Leaving the Saints

Leaving the Saints by Martha Beck

Over the Thanksgiving holiday (thanks, Orbitz Worldwide, for TWO WHOLE DAYS OFF!) I read Martha Beck’s Leaving the Saints: How I Lost the Mormons and Found My Faith. It is in the same genre as Rhoda Janzen’s recent book, mennonite in a little black dress, and Miriam Toews’ a complicated kindness.

Oh my goodness! I just realized that Miriam’s book has the title in all lower case, just like Rhoda’s.  And their names are both in BLOCK CAPS. It must be the style.

Martha’s book is a memoir. She is an academic and a sociologist, a mystic and survivor of religious and sexual abuse. Like Miriam and Rhoda, she had a difficult father, someone who was rather too much in his head to be raising up children.   Martha’s father, as she describes it, starting using her as an Abrahamic sacrifice when she was five years old. She describes the process of remembering being laid on the altar and terribly mistreated, and she describes how she confronted her father about it much later. Through much personal growth work she has learned to live with memories that nobody should have. What gets her through is a Leaves in the Stream philosophy, which is kind of Be Here Now. What keeps her alive and thriving is what looks to me like a mixture of:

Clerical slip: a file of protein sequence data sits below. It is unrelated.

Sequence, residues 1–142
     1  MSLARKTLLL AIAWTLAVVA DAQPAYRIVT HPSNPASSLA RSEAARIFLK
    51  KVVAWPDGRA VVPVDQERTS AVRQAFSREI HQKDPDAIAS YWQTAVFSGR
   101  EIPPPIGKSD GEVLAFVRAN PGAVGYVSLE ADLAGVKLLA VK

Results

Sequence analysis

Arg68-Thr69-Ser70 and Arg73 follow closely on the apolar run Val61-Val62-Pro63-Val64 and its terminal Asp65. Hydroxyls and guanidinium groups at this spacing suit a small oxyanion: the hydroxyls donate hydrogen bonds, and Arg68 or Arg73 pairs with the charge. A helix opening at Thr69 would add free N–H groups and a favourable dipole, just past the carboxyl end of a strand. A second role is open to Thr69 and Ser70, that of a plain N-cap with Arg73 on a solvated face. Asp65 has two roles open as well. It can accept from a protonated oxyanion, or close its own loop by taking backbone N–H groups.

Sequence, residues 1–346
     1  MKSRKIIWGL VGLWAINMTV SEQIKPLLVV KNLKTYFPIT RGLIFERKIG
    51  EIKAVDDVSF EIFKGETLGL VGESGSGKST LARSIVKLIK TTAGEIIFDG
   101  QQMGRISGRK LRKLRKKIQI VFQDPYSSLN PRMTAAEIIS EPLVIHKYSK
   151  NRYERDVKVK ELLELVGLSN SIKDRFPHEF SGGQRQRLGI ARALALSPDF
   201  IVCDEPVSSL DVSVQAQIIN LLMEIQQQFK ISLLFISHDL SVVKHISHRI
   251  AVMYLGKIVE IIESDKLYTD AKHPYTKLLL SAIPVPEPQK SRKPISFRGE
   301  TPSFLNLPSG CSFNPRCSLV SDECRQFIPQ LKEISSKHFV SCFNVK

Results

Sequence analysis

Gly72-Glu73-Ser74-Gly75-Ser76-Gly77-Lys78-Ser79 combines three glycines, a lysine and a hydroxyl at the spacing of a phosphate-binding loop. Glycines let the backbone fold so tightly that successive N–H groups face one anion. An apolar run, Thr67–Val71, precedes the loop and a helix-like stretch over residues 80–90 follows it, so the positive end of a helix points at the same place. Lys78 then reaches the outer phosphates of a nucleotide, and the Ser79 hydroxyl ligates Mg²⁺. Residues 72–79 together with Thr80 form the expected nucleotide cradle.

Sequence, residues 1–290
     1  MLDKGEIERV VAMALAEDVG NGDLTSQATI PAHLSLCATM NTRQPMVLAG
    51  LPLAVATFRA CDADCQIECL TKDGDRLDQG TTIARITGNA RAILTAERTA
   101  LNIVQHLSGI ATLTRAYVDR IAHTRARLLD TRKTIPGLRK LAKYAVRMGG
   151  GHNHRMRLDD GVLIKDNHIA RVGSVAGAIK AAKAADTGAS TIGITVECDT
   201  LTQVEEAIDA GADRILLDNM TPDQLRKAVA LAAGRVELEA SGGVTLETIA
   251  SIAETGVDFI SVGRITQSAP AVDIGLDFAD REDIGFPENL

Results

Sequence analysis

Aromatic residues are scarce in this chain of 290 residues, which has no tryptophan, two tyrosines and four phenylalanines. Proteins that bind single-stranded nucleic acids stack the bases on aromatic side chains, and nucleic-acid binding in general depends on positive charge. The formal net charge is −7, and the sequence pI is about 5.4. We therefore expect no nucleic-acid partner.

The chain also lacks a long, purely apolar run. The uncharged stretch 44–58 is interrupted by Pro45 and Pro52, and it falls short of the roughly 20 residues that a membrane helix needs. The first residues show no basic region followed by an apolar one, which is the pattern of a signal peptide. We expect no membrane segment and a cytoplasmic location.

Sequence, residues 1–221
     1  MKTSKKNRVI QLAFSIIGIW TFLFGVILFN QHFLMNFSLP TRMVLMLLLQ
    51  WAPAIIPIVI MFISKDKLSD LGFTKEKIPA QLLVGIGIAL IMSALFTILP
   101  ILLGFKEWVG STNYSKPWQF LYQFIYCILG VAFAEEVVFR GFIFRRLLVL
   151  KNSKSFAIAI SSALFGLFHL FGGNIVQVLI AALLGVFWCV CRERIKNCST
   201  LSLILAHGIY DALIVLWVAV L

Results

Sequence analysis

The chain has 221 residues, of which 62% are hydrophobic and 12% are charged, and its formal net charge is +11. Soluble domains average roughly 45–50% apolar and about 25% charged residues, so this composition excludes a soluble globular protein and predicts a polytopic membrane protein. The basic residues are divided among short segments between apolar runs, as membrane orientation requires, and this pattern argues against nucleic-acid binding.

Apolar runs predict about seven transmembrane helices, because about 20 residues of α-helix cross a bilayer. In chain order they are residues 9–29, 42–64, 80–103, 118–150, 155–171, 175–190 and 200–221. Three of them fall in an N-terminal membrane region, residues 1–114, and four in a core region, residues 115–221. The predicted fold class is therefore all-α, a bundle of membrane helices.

• pluck and perserverance
  • the love of God
  • love from all kinds of friends, relatives and strangers
  • pure grace

I have to confess that I skipped over some of the mystical experiences. It’s hard for me to read someone else’s experience of the ineffable. Sort of like listening to another person’s dream. In our household we have a stock phrase for that, spoken mockingly, which is what my dream analyst used to say to me almost every time, as I wrapped up yet another nocturnal epic involving crystals, angels, garden rakes, ice cream, dirt, flying saucers and trips to Paris: “That’s a very important dream.”

So yes, I failed to be caught up in the visions and illuminations which she describes, but I was fascinated by the inside  look at Mormon life.  For example, I learned that Mormons wear special underwear which is supposed to give them protection.  I also learned that Mormons are very well organized to take care of own another, should that underwear protection fail. Martha paints a fair picture of a Mormon people whose theology, cosmology and ontology seem, to me, irretrievably misguided, but who nonetheless, by and large, are humans, with the ability to love and live together.